How To Ask For Space In A Relationship Without Hurting Your Partner's Feelings
by Laken Howard
Ashley Batz/Bustle

When a relationship is brand new and you're still getting to know your partner, it can be hard to imagine wanting to spend time away from them, doing your own thing. But the longer you're together, the more you'll realize that not only is it OK to need time apart, learning when and how to ask for space in a relationship is crucial for it to remain healthy. If you're used to spending tons of time with your partner, it might be scary to hear them say that they need space, but the truth is that asking for alone time doesn't always have negative, ominous implications for your relationship.

"Your partner asking for space is about their desire to get their social, emotional and intellectual needs met by others outside of their primary relationship," Rhonda Milrad, LCSW, relationship therapist and founder of online relationship community, Relationup, tells Bustle. "One person cannot satisfy all the needs of another and your partner’s desire to take space is their effort to take care of themselves and to return to the relationship nourished, enriched and replenished."

You might love your partner's company (and vice versa), but it's unrealistic to expect that your partner can fulfill all your needs: as individuals, we all occasionally need alone time to relax, as well as some one-on-one time with friends and family. If you want to start a conversation with your partner about creating some space in your relationship for both of you to have some time to yourselves, here are five expert tips that will help make (what can be) a tricky conversation go a little more smoothly.


Spell Out What Space Looks Like To You

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First thing's first: there isn't just one kind of space in a relationship. Whether you need a weekend away or just an hour-long run to clear your head, make sure you're clear with your partner about what "space" means to you in the context of your relationship.

"Indicate as much as you can what that space will look like," Effy Blue, a relationship coach specializing in ethical non-monogamy, tells Bustle. "'I need a walk around the block. I want to spend the weekend at my parents' home. I want to rent an apartment for six months on the other coast.'"


Use "I" Statements

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Whenever you need to communicate about something difficult in your relationship, one easy trick is to always use "I" statements when explaining your feelings. It's a simple way of reiterating to your partner that your need for space isn't a reflection of your feelings about them/the relationship, but rather a personal decision that you made for you — and you alone.

"Use I-sentences and explain your why/intention: 'I need space because I need to figure out.../rest/collect my thoughts/write/work on this project,'" Blue says.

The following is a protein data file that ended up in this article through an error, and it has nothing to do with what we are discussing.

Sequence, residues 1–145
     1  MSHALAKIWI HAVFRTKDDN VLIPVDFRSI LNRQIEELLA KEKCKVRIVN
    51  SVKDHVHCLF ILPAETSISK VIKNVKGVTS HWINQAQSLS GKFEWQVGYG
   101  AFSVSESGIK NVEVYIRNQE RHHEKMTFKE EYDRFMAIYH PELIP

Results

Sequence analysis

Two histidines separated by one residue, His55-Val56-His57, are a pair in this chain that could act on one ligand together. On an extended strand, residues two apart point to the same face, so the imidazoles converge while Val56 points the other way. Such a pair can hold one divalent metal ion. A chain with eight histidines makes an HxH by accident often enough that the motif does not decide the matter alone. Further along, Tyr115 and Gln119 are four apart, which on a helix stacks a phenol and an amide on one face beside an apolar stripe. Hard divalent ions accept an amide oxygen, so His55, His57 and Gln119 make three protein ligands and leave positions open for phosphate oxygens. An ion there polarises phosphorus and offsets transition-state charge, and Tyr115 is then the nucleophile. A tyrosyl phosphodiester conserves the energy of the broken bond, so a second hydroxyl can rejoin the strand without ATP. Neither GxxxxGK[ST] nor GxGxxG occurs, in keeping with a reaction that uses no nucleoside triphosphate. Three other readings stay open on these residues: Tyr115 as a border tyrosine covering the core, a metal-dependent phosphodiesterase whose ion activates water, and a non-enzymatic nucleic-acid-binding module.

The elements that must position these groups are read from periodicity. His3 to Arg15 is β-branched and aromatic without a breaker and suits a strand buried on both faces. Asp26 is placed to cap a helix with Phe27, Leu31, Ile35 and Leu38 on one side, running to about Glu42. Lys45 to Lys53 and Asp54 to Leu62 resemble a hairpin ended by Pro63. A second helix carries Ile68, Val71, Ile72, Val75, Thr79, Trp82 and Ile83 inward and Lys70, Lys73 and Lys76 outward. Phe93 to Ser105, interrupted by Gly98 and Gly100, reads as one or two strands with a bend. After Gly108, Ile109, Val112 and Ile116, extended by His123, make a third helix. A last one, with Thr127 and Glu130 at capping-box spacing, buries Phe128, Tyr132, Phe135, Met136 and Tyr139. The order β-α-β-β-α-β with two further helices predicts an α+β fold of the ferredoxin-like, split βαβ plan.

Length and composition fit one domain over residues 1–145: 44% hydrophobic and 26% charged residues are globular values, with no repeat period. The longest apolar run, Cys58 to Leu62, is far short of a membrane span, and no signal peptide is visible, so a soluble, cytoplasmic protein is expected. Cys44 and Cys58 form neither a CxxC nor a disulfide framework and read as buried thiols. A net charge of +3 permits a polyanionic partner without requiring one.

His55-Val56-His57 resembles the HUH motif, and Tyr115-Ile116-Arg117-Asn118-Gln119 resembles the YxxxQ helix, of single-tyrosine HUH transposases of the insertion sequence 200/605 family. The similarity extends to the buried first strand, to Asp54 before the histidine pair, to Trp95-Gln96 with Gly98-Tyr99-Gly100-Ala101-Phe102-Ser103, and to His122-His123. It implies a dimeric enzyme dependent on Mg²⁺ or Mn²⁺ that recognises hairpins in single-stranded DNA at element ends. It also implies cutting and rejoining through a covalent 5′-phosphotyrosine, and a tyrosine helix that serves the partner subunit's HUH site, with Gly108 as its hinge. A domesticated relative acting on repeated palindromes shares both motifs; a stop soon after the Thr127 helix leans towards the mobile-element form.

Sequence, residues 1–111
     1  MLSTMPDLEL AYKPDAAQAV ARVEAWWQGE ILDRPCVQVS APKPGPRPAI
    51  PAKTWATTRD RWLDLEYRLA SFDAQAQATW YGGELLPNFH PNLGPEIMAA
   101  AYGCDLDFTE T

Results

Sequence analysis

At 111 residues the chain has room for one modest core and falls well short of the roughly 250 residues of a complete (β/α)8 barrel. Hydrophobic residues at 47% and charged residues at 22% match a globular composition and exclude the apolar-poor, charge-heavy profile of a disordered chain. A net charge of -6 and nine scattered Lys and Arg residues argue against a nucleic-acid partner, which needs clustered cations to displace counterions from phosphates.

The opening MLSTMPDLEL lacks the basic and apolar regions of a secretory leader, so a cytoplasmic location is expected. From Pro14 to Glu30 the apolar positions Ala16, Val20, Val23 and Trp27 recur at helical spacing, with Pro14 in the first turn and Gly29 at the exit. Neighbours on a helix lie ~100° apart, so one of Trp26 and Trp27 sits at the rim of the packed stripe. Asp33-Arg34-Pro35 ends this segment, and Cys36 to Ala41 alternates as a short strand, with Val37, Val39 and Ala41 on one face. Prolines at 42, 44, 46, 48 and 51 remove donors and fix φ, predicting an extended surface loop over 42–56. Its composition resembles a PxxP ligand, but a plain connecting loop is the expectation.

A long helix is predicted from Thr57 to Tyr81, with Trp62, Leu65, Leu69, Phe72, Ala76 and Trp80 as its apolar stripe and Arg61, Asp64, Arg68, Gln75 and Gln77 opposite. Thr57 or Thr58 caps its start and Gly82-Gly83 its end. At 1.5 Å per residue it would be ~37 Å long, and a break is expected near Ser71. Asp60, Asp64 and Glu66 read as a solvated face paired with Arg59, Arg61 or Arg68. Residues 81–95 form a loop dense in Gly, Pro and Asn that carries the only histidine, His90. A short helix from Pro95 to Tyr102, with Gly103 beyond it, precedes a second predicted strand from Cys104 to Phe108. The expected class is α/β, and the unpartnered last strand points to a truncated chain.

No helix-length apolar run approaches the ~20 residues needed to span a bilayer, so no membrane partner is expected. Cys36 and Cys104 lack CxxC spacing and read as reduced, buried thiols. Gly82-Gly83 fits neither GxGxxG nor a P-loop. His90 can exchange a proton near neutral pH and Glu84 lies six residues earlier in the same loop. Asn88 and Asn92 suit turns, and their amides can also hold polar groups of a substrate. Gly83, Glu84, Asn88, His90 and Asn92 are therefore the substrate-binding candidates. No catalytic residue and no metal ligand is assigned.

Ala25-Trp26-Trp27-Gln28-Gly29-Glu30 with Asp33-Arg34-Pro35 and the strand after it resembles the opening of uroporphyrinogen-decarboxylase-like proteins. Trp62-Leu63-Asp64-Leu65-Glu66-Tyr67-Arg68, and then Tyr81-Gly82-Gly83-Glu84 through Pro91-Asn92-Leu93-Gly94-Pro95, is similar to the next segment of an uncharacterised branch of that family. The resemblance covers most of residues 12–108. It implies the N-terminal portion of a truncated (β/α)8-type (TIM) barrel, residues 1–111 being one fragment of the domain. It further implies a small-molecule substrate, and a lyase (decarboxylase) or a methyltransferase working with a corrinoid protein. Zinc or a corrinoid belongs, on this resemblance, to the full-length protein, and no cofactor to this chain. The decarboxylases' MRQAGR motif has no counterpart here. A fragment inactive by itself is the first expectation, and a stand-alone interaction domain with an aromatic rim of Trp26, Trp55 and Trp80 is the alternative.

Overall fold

Listen To Your Partner's Concerns

Naturally, your partner might have some questions or concerns about your request for space. Instead of dismissing their feelings or giving them a vague, blanket-like reassurance ("don't worry, it'll be fine"), listen to their specific concerns and offer to come up with a plan or compromise together.

"Listen to your partners' fears and anxieties with a generous ear when your partner tells you how they feel about your request," Blue says. "Don't be dismissive. If it makes sense, make a plan to reconnect afterward."


Remember That You Are Individuals First & Partners Second

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Whether you're the one asking for space or the one being asked for space, it's important to keep in mind that — as much as you might love each other — you and your partner are both individuals with individual needs... not extensions of one another.

"Recognizing our partner as an individual [and] not an extension of ourselves and/or a product of our relationships is vital to the longevity of our relationships," Blue says. "If a partner is asking for space they are taking care of themselves and we need to honor their individual needs. When I see clients struggling with partners asking [for] space — be it feeling hurt, offended, anxious — my response is more often than not, 'It's not always about you.'"


Agree On What Balance Of Independence/Togetherness You Want

Ashley Batz/Bustle

When it comes to asking for space, it can be difficult to know how much is too much (or too little). But according to Milrad, it's not about finding a magic "ideal" amount of space — it's about whether you and your partner are on the same page about the balance of "we" and "I" in your relationship.

"If you both define the balance in the same way, then together, you will determine how much alone time is right for the relationship," she says. "If you don’t, then there will be a disagreement in terms of whether it is too much or too little."

Ultimately, keeping a relationship happy and healthy doesn't boil down to having the "correct" amount of space or alone time — because that simply doesn't exist. What's really important is that you and your partner are able to communicate: about what kind of space you each want/need, how much you feel comfortable with, and what it means when you ask for more or less alone time. As long as you're both on the same page, you'll be able to enjoy your time together, as well as feel fulfilled and secure in your relationship when you're apart.